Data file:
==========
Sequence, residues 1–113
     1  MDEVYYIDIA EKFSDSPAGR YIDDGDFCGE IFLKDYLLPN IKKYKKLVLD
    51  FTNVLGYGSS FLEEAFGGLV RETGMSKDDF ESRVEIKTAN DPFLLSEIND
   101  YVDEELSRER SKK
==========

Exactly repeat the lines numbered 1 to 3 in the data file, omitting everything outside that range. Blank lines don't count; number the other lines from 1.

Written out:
Sequence, residues 1–113
     1  MDEVYYIDIA EKFSDSPAGR YIDDGDFCGE IFLKDYLLPN IKKYKKLVLD
    51  FTNVLGYGSS FLEEAFGGLV RETGMSKDDF ESRVEIKTAN DPFLLSEIND